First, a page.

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While tabletop may not be the largest category for some independent retailers, gourmet insiders who take advantage of seasonal and colorful table settings find that their assortment draws customers to their stores.
“Tabletop adds a fun element. We do it well; that gets a lot of reaction,” said Betsy Murelle of The Country Gourmet, in Banner Elk, NC.
Tabletop displays are a great way to communicate changing seasons and holidays in addition to adding a fresh look to a store’s overall assortment, according to gourmet store owners. Many use color as well as themed assortments to let their shoppers know it’s time to start thinking about the outdoor entertaining season or Christmas.
“We have a dining room table set up in the [front] alcove. It does help the shoppers to visualize and put together textiles with tabletop and helps sales,” added Lyons. Lyons said she also mixes whiteware with bright solid colors to show customers how they can mix up their basics seasonally. “We do a lot of cross-merchandising with a picnic theme [for the warmer weather], and mix tabletop items in with it, such as chip n’ dips and serveware,” she said.
At The Country Gourmet, Murelle uses color to change her tables seasonally as well.
At The Coastal Cupboard, in Mount Pleasant, SC, Brad Pitner’s approach to seasonal tablewareincludes season and holiday-specific tableware, which sells well. Out of the five different islands that feature dinnerware in the store, the main one in the front is seasonally driven, “enhanced” by pieces from the store’s everyday collection. At Christmas, customers await a main holiday table display from the “gifty tabletop” line Amscan. “People look for it every year,” said Pitner.
In the summer, The Coastal Cupboard, highlights its coastal assortment, although it carries the items year-round due to the area’s warmer temperatures. The store will be spotlighting Vietri’s Incanto Mare turtle and crab tableware for the upcoming summer season. Mud Pie’s Sanibel coastal gift and serveware line is also a best seller.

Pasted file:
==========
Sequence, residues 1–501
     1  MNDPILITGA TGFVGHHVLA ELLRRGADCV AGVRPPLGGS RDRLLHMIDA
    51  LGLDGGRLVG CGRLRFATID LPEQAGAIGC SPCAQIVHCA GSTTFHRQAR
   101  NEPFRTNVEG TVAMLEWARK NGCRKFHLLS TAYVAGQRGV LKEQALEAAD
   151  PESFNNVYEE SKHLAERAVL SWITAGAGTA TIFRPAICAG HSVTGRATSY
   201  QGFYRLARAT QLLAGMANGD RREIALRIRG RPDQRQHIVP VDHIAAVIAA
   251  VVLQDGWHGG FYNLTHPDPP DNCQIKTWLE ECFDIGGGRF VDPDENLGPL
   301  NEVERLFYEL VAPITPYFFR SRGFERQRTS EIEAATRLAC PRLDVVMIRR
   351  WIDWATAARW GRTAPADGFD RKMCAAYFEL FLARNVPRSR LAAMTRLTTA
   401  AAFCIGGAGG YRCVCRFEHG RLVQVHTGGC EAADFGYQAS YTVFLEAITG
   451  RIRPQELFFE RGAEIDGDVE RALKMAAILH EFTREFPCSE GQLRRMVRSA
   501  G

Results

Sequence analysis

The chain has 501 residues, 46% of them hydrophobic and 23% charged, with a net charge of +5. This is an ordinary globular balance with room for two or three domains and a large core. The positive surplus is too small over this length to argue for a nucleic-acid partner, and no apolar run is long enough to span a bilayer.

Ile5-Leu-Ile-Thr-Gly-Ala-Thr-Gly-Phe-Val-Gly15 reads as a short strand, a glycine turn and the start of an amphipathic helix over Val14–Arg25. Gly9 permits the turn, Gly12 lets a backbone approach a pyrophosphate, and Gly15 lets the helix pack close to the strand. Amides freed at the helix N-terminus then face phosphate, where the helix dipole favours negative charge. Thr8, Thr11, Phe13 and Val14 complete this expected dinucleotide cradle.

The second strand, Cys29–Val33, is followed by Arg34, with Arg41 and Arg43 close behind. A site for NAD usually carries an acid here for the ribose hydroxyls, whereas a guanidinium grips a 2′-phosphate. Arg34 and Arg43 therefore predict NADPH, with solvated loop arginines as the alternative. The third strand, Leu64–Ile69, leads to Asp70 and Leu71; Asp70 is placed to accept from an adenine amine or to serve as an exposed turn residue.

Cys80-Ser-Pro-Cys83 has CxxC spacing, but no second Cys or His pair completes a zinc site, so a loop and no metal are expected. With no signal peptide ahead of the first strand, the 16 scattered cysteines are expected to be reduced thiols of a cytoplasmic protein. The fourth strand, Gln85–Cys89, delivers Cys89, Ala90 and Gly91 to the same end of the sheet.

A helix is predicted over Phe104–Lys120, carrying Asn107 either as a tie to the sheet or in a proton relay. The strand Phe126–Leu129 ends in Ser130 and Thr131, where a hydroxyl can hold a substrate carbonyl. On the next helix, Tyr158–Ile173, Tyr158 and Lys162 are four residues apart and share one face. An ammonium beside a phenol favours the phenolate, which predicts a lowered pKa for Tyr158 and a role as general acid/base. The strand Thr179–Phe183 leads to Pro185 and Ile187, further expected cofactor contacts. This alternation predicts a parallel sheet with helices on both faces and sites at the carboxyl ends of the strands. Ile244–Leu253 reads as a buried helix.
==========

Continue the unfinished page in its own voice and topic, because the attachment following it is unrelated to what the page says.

The summer season or warmer weather also brings an opportunity to add a different kind of tabletop to the store, designed for porch living.
Pitner said he sees an untapped opportunity in bringing in an outdoor entertaining focus this year; and he is calling the launch “Porch Time.” The theme will include picnic baskets, break-resistant glasses as well as outdoor décor items; animal and bug watering cans from Global Amici were one of the store’s biggest sellers last year, added Pitner. “People want to decorate their outdoor area and we’re going to approach it as hardcore as we can,” he said.
By contrast, the addition of outdoor tabletop entertaining did not fare well for Cucina Fresca, in Elko, NV. “We tried to do outdoor entertaining. Acrylic wine glasses we do a little, but big boxes do those and hit pricepoints that we can’t,” said owner Gwen Uhlig. “I haven’t seen anything really exciting to make people want to spend a more premium price.”